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The last post I did was on December 14, 2018. (My excuse is the rush of the holidays.) So here goes: The first post of 2019.
On that note, the full 12 Days of Christmas just ended this past Sunday, January 6:
The Twelve Days of Christmas is the festive Christian season [including “Twelfth Night,” shown above left] beginning on Christmas Day … that celebrates the birth of Jesus Christ, as the Son of God. This period is also known as Christmastide… The Feast of the Epiphany is on 6 January [and] celebrates the visit of the Wise Men (Magi) and their bringing of gifts to the child Jesus. In some traditions, the feast of Epiphany and Twelfth Day overlap.
See also Happy Epiphany – 2018, which noted this Feast Day has a number of different names. Like Epiphany proper, which “celebrates the revelation of God incarnate as Jesus Christ.” It’s also known as the last of the Twelve Days of Christmas. (Again, just to confuse things, the evening of January 5 is called Twelfth Night.) But wait, there’s still another name for January 6. It’s also known as Three Kings Day. (As in, “We Three Kings of Orient are…”)
For more on these topics, check Epiphany, circumcision, and “3 wise guys,” and To Epiphany – “and BEYOND!” The “Three Wise Guys” posted noted that in its original sense – circa 600 A.D. – the term Magi meant “followers of Zoroastrianism or Zoroaster.” Also, the consensus that there were three kings started because they brought three gifts: Gold, frankincense, and myrrh.
And while a literal view of the Three Wise Men story has them getting to the manger-scene just after Jesus was born, the truth seems a bit harder to pin down. Some say they arrived the same winter Jesus was born, while others say they came two winters after his birth. That would explain Herod’s order – noted in Matthew 2:16–18 – that his soldiers kill “all the male children that were in Bethlehem, and in all the borders thereof, from two years old and under.” (Known as the “Massacre of the Innocents,” illustrated at right.)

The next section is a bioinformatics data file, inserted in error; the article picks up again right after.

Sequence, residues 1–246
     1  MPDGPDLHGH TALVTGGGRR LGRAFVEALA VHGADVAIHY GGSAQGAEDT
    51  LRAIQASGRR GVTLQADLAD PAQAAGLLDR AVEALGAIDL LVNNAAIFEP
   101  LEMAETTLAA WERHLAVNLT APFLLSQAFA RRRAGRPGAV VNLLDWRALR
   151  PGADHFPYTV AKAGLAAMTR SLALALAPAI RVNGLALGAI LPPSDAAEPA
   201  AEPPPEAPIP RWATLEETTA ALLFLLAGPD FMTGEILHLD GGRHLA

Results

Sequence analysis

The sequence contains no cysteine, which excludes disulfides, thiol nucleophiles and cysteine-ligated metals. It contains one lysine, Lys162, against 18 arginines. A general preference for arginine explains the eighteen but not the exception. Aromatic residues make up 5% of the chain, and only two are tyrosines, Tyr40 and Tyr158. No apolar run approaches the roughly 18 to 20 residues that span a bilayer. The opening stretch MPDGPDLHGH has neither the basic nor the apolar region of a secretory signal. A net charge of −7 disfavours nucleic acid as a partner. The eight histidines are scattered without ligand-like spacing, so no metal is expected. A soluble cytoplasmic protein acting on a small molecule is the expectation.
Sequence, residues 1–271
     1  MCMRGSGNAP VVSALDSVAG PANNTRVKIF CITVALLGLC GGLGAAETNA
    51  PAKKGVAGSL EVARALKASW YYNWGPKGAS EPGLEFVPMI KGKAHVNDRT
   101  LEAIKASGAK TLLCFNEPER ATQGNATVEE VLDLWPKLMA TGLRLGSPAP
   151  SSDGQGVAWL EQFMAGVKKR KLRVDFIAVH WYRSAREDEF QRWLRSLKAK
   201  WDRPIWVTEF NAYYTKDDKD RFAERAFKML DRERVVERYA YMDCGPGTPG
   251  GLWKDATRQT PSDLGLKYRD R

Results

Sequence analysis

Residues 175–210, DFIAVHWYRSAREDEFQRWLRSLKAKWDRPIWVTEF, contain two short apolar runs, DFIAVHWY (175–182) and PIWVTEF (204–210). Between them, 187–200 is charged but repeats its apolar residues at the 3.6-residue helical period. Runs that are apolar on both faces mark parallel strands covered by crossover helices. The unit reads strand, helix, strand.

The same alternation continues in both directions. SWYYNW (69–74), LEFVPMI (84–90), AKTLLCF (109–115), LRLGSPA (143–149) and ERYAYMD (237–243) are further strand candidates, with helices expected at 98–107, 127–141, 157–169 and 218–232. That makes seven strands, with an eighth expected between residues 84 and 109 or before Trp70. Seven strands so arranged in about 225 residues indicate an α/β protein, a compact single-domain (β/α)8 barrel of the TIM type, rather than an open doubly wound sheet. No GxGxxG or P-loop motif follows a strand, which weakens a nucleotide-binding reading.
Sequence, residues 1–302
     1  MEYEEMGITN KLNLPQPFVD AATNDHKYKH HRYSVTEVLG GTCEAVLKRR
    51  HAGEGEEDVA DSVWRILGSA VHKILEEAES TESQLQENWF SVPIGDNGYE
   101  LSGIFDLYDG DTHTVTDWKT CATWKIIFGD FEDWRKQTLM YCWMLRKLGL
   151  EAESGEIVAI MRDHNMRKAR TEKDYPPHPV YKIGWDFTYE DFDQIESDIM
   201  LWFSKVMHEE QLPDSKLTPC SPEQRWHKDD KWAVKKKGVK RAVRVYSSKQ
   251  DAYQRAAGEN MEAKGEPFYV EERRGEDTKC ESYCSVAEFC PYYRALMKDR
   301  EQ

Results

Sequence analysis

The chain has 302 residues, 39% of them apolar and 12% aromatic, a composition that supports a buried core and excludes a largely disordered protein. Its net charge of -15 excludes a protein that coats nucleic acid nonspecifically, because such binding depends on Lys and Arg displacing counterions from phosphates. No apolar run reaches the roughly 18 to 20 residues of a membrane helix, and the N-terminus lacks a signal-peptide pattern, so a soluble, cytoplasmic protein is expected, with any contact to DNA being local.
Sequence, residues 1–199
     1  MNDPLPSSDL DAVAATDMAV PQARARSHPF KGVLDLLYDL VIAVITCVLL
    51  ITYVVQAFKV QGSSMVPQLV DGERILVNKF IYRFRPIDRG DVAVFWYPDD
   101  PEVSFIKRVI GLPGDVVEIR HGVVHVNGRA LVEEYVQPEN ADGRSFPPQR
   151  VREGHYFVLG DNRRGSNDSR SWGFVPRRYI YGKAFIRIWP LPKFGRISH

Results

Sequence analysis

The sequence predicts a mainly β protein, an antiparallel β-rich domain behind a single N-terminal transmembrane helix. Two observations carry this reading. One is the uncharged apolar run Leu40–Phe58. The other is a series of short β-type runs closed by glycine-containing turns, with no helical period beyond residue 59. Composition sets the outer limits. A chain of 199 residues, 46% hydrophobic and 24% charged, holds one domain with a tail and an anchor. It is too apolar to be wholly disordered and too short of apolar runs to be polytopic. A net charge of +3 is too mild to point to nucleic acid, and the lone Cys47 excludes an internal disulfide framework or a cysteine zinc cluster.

On a more cheerful note, we’re familiar with the three wise men largely thanks to a Christmas carol, “We Three Kings of Orient Are.” (For an “old-timey” version see Kings College Choir, Cambridge. Another note: The “3 wise guys” post went into great detail on the circumcision of Jesus, leading one authority to call January 1st the time “when Our Lord first shed His blood for us.” And about the practice dating back to ancient Egypt, whose “Book of the Dead describes the sun god Ra as having circumcised himself.” (That “Ra guy had to be “One Tough Monkey!”)
And finally, To Epiphany – “and BEYOND” explored the issue of “sin” as sometimes held out:
[T]he concepts of sin, repentance and confession should be viewed as “tools to help us get closer to the target.” In other words, they help us grow and develop, and are not to be used as a means of social control… Note also that the “Biblical Greek term for sin [amartia], means ‘missing the mark,’” and implies that “one’s aim is out and that one has not reached the goal, one’s fullest potential.”